Revolutionary Planners 

Camus introduces the Shotgun crowd to the planners of Russia's overthrow.

On February 17, 1905, an intellectual dressed as a laborer stepped out of a crowd and threw a pipe bomb into the carriage of Grand Duke Sergei Alexandrovich Romanov, the tsar's uncle. Bits of the grand duke went everywhere, and the Russian Revolution was on. A hundred years later, Russia is still struggling to be free, and people everywhere are still throwing (or carrying, or driving) bombs into carriages, hoping that violence will bring about a peaceful and just society. It's an irony that wasn't lost on Albert Camus, and a story that he explored with great sympathy in The Just, now being performed by the Shotgun Players at the Ashby Playhouse.

Shotgun has been on a Russian history trip lately, what with The Death of Meyerhold two years ago, and Travesties last December. The company seems to go through phases; remember that a few years ago, it was every conceivable variation on the ancient Greeks. Which is not necessarily a bad thing, if it means that several different windows onto the same period in history are opened. And in this case, one play led immediately to another: Tom Hoover was so affected by Meyerhold that he realized he had to translate The Just, and Shotgun had to produce it.

The Just tells the story leading up to Sergei's disintegration by focusing on the cell of the Revolutionary Socialist Party tasked with the assassination. In an elegant apartment above the route the grand duke's carriage often takes, five people scheme and struggle, wrestling with their politics, their consciences, and each other. As the tension builds -- are they going to blow this guy up, or what? -- distinct and conflicted personalities emerge: the cell's conciliatory leader Boris, the bellicose Stepan, the foppish poet Yanek, the passionate bomb-builder Dora, the uncertain Alexis. There's history between some of them, which is hinted at but wisely left to the imagination.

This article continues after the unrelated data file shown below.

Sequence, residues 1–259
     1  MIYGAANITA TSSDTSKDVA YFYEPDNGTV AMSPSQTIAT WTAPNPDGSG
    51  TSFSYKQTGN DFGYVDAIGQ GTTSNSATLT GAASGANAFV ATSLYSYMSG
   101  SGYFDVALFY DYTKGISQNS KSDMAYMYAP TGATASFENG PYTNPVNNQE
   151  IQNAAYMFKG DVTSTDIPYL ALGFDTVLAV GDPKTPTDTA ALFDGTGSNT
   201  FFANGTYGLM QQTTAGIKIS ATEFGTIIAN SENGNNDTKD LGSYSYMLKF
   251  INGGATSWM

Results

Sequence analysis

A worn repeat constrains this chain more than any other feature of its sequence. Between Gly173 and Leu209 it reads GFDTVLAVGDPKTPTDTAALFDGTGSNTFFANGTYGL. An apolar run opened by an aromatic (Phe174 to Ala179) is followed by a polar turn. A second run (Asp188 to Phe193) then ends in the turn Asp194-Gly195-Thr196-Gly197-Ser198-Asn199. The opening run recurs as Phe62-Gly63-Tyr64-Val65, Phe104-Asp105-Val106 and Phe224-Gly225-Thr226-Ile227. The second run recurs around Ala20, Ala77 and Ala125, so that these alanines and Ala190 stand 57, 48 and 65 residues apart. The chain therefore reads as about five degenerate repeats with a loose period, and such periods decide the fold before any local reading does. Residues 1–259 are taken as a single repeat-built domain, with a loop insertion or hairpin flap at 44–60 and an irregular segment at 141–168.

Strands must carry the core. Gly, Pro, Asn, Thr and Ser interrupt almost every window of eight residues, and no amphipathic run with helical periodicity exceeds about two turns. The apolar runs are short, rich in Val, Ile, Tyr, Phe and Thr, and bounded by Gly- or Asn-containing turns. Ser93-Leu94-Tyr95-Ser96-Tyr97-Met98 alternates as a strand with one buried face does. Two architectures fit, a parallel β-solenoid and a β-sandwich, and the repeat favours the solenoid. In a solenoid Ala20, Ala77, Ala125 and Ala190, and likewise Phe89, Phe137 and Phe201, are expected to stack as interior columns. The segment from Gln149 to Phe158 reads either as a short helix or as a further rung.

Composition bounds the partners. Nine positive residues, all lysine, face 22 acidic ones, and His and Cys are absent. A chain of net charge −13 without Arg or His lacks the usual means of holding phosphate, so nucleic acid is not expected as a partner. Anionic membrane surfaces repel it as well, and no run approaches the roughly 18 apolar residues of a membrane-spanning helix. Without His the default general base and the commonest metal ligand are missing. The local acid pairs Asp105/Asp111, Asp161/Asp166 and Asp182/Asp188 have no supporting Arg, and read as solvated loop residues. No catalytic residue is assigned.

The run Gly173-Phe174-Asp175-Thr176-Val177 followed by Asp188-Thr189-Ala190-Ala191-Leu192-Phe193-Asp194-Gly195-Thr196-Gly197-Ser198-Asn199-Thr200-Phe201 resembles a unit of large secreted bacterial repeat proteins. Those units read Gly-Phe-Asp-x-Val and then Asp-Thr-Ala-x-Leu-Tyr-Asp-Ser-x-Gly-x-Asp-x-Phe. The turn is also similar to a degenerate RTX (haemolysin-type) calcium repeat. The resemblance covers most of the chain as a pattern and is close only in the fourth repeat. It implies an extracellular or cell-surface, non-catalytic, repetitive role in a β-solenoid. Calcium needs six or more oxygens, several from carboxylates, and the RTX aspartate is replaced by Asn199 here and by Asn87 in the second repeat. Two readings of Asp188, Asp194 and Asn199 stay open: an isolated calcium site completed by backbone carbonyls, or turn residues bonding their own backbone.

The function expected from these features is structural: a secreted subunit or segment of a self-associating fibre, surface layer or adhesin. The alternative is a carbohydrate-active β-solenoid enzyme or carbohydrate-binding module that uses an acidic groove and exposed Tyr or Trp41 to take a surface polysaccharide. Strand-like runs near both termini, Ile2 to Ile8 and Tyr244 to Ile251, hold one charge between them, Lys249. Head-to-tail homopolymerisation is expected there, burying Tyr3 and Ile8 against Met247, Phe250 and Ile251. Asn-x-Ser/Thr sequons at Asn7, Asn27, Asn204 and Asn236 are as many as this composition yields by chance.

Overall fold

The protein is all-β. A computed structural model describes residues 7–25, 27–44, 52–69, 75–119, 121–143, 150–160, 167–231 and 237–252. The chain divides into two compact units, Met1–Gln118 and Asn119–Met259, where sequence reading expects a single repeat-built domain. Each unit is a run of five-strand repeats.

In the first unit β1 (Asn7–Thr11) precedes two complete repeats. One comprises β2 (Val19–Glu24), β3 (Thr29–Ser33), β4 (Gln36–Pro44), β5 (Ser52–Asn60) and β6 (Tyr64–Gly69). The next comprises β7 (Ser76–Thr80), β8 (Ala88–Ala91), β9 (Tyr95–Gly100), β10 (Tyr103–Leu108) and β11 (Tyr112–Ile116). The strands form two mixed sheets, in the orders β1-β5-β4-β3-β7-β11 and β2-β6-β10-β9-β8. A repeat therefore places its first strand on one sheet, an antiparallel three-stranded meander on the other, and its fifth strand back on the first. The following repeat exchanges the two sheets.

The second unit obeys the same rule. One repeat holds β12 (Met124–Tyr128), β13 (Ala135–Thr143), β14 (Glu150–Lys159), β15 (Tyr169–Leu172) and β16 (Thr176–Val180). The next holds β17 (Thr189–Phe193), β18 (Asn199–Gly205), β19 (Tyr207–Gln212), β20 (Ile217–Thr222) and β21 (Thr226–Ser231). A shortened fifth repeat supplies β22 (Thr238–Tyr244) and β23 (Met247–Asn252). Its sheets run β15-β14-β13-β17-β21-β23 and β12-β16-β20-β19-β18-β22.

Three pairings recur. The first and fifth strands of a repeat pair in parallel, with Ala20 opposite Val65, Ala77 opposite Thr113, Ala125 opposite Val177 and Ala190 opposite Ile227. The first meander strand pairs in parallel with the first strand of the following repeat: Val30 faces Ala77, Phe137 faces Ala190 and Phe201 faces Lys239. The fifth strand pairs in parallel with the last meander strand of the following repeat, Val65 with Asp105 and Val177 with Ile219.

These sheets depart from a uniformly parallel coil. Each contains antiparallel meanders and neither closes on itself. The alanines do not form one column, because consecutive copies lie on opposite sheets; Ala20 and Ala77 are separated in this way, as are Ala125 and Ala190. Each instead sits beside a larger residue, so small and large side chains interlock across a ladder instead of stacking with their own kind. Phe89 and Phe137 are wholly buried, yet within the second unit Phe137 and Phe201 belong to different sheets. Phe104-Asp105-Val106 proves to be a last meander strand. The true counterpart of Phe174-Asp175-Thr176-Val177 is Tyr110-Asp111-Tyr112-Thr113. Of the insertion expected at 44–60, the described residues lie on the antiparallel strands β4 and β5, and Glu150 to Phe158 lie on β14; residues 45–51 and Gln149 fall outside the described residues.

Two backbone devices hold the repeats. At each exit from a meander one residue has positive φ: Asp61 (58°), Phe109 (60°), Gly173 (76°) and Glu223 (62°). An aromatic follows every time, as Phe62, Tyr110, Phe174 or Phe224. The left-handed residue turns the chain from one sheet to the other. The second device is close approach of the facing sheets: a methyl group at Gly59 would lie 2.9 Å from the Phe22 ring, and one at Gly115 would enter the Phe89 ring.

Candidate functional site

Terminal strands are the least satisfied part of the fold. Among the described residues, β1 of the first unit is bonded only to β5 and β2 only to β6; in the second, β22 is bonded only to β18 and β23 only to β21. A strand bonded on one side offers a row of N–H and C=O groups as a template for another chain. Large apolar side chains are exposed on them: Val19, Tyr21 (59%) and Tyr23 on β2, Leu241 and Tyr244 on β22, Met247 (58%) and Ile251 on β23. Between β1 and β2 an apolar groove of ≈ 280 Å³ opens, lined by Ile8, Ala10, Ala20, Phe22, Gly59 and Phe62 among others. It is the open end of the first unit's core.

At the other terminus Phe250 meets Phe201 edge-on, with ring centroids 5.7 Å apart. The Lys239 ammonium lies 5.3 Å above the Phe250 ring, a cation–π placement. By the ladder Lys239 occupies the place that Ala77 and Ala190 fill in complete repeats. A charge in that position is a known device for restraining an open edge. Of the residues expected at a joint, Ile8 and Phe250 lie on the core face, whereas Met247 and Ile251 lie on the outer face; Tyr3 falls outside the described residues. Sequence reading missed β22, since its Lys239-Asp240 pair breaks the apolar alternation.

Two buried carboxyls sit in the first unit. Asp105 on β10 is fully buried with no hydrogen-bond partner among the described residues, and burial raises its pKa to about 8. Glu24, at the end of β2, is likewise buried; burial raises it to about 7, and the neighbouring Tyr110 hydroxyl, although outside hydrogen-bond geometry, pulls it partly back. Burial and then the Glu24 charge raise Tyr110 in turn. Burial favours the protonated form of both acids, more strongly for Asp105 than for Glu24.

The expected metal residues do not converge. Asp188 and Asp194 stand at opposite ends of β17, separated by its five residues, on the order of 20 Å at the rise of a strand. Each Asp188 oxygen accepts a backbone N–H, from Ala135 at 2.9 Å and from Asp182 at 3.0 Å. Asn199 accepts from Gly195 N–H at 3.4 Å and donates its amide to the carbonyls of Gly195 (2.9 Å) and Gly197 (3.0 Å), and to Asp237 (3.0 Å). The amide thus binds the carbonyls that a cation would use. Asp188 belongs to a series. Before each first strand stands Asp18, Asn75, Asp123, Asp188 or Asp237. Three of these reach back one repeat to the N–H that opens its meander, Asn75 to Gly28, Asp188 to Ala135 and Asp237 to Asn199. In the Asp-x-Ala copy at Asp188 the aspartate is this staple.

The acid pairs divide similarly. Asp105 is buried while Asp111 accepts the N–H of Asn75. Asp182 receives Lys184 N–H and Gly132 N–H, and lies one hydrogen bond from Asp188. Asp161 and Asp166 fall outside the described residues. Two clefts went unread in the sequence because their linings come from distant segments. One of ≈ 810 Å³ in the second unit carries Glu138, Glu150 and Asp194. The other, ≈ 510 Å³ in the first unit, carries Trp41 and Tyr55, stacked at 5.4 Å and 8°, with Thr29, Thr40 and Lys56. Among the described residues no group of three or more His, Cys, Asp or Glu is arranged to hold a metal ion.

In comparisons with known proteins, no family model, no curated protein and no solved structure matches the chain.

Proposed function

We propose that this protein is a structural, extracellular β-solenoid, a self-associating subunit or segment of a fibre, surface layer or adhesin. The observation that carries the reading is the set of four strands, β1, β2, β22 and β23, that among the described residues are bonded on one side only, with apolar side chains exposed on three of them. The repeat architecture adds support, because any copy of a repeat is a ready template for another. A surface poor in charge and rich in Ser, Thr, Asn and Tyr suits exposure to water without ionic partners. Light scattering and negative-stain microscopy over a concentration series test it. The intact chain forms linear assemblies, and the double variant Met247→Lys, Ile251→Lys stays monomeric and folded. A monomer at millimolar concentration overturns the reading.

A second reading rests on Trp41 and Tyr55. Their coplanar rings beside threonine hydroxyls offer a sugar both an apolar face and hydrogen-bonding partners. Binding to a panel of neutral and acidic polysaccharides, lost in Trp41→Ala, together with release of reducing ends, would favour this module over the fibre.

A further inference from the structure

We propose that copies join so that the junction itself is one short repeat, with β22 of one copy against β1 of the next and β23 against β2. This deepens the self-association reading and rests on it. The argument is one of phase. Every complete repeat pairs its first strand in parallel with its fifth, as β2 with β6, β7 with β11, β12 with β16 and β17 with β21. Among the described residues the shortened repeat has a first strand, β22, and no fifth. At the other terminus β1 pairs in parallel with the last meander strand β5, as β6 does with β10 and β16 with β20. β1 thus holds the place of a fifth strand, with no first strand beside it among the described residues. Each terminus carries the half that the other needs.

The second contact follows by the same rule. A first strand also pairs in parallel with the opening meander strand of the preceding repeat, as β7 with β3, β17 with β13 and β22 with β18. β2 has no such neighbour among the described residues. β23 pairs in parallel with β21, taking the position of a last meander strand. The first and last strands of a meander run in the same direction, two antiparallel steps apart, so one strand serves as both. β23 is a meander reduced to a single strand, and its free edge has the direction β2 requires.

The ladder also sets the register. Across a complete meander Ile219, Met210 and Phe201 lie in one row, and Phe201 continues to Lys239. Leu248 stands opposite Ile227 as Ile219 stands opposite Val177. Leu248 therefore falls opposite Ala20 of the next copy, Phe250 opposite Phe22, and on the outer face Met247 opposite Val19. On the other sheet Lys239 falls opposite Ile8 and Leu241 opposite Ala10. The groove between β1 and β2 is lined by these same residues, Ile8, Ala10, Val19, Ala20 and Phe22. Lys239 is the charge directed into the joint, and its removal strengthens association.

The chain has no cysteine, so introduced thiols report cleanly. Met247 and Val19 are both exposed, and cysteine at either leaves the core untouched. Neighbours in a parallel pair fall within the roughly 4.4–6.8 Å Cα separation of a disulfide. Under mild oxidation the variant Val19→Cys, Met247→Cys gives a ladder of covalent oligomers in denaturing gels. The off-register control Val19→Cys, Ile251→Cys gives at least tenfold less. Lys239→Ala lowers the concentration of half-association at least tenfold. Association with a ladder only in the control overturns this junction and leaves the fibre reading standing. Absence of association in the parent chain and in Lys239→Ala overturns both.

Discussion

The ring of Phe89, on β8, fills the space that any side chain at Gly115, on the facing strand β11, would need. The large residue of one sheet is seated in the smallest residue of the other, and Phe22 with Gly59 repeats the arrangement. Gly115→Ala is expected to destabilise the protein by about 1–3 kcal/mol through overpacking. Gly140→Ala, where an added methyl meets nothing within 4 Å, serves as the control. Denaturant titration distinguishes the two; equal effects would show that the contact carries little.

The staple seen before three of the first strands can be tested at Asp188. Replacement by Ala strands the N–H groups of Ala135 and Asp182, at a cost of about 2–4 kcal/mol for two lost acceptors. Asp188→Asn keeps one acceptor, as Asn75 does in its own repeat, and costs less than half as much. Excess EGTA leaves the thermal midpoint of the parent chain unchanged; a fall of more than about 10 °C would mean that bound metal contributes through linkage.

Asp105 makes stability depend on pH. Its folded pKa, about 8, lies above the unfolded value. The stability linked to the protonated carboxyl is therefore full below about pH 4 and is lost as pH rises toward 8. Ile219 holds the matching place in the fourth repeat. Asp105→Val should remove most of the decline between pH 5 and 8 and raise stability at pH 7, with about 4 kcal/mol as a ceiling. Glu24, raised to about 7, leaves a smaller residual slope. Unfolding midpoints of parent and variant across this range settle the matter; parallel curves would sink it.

Speaking of history, little context is given. The conspirators rail against Sergei and everything he stands for, but don't lay out the facts of his considerable evildoing, preferring instead to anguish over love and justice. Perhaps Camus' point is that the details aren't as critical as what they drive people to do, and not as interesting as the emotional and mental acrobatics required to make intelligent people into murderers. Or maybe he was focused on the one-upmanship between people determined to be the bravest, most self-sacrificing, and most revolutionary. His characters argue over who gets to throw the bomb, leading to bizarre moments such as the one where Boris tries to placate Stepan by saying, "I don't get to throw the bomb either, I have to wait here. There are rules," or reassures Alexis (a sweet and shy Ryan O'Donnell) that it's okay to want a safer job in the revolution, like writing propaganda. Camus finds some humor in showing us five people trying to out-revolutionary each other.

Because they aren't just out to oust one gilt-braid-encrusted nabob, or even to free Russia. They fantasize that their act will kick in the door of every prison cell everywhere. Their delusions of their own power are matched only by their romantic notions about death and sacrifice. Dora in particular is in love with Camus' notion that what they're doing is somehow ameliorated because they're prepared to sacrifice their own lives as well as those of others: "To kill and then to die, but there is a greater happiness -- the gallows!" Beth Donohue turns in her usual powerful performance, wringing vulnerability from lines like "It takes time to love. We barely have time for justice" in her husky voice. She is well matched in Cassidy Brown as Boris, but not as much so in Taylor Valentine as Yanek. He's still a little raw, and Donohue is a big presence to match. John Nahigian's Stepan has an easier time of it with lines like "Terror is not for the delicate." Things come to a head when Stepan yells absurdly at Dora, "You're a woman and you have a poor idea of love." Donohue times her response perfectly: "Well, I have a crystal-clear sense of shame."